Early Vernacular1870 - 1910

Early Vernacular Gable Roof Double Hung Window Porch Cladding Column Trim Board

Early Vernacular Features

Origins

Three major influences for Vancouver’s pioneer houses were first, the cottage plans as published in pattern books by American A.J. Downing in the 1850’s with styles such as Carpenter Gothic with its board and batten exteriors and steeply peaked cottages which appeared in Barkerville and rural B.C. Secondly, much of the houses in Strathcona and Mount Pleasant were influenced by the standard plan of the English row house of the 19th century, with the only bathroom placed upstairs above the kitchen on the entry side, and the living and dining room on the other side. Thirdly, at the turn of the century, “kit” houses – either local pre-fab houses such as the B.C. Mills houses or mail-order kit houses from Eatons and other manufacturers – reflected the most popular plans seen in the pattern books extensively used by builders.

Form

Early cottages were one storey gabled houses – often one room deep – with shallow front porches such as the Clarke House (relocated to West 10th Avenue). In the late 1880’s, two storey houses with a full length gable roof running perpendicular to the street appeared with a bay window on the first and sometimes on the second floor above. In upscale versions a recessed balcony was seen over the front entry with a third floor open gable recessed slightly. Other upscale versions introduced a hipped roof as a harbinger of the Edwardian Box house of the early 1900’s. Some of the lane houses had a strong affinity with the massing of early New England houses.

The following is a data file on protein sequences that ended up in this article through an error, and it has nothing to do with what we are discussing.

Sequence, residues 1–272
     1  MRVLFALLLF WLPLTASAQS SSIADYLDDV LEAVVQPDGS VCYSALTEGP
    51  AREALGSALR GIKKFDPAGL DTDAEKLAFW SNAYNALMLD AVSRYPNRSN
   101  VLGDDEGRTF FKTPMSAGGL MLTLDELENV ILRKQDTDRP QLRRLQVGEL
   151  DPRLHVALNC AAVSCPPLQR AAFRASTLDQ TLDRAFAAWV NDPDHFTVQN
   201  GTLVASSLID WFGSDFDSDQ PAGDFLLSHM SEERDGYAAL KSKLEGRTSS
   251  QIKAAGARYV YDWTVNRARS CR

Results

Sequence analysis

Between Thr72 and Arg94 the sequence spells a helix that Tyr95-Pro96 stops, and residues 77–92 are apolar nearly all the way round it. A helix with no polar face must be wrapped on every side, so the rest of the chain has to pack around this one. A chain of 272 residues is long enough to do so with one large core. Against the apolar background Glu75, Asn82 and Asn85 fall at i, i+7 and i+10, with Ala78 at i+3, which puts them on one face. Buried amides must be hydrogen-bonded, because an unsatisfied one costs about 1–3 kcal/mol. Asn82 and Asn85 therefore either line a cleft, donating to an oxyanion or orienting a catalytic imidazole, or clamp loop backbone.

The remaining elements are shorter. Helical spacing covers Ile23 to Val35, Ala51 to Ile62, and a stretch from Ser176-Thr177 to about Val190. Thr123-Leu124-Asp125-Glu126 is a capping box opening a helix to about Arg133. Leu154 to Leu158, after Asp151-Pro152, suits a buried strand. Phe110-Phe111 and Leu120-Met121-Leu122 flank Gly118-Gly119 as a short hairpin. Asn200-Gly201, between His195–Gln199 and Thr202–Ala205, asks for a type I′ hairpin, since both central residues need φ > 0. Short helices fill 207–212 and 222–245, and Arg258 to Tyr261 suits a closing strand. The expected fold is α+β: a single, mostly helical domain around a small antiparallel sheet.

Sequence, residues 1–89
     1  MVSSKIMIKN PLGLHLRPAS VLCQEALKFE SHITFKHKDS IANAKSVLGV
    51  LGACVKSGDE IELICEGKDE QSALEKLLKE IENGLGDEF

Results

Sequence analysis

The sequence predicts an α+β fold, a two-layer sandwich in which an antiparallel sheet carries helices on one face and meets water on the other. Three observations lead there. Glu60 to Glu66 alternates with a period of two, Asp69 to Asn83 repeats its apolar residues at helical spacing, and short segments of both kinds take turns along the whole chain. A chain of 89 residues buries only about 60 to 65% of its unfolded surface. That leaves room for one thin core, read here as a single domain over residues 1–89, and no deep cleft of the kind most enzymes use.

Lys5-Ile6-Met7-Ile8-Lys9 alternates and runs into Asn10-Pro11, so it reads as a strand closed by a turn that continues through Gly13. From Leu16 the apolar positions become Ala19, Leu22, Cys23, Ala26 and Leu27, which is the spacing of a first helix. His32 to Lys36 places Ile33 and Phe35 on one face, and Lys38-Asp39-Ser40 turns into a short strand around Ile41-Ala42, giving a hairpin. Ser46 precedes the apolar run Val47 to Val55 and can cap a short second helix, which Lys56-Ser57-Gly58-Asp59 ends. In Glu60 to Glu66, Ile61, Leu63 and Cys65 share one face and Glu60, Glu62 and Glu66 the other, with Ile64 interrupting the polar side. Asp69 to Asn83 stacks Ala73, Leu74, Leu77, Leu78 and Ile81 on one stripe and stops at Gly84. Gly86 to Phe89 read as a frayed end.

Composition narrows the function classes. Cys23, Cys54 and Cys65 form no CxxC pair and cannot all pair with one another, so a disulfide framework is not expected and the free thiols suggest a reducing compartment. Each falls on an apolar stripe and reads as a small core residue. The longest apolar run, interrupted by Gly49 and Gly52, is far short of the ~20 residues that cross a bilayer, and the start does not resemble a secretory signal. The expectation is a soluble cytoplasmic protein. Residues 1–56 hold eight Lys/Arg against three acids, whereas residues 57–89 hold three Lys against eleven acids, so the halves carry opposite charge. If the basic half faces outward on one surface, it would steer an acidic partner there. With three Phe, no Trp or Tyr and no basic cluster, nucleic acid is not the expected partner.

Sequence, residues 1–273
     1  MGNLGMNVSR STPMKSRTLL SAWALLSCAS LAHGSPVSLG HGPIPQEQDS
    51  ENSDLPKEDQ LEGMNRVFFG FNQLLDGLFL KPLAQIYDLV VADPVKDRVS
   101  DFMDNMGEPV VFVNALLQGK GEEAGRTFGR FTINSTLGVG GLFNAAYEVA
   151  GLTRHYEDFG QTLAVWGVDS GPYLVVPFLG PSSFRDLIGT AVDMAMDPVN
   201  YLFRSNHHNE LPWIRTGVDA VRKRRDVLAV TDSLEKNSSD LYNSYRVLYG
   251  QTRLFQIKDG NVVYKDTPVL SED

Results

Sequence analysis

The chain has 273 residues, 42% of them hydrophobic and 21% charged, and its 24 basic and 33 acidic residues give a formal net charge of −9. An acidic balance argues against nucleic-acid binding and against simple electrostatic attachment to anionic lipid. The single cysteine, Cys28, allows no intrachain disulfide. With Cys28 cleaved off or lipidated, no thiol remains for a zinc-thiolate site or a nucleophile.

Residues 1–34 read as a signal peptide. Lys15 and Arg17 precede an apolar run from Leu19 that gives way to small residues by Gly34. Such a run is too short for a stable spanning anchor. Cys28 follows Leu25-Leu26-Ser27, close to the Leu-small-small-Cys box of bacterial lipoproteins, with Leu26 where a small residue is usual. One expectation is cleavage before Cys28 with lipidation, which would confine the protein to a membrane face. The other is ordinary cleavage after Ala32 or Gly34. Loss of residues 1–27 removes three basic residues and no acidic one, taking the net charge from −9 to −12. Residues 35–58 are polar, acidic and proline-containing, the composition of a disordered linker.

Details

Windows were double hung with the upper half often diamond or losenged-shaped leaded glass windows. Hall windows, front doors, and the middle light in bay windows often had a centre single clear glass pane surrounded by a border of small square stained or textured glass panes. Front doors were paneled vertically with later versions introducing a large oval pane of glass or the Victorian version of a single light surrounded by the stained/textured glass border – both styles with a horizontal raised panel below. Chimneys were simple brick structures with corbelled caps. Kit or pre-fab houses had a strong modular look with windows and door assemblies spanning the spaces between full height vertical battens. Front yard fences had a distinctive horizontal board at ground level with square pickets with tapered upper ends placed at alternating heights.

Materials

Roofs, gabled or hipped were made up of cedar shingles. Front porches were sometimes covered in standing seam metal such as tin. Siding was usually drop siding with a pronounced channel or concave cove shape at the top of the board. Some rustic houses were shingled or board and batten, a popular Carpenter Gothic siding in the States.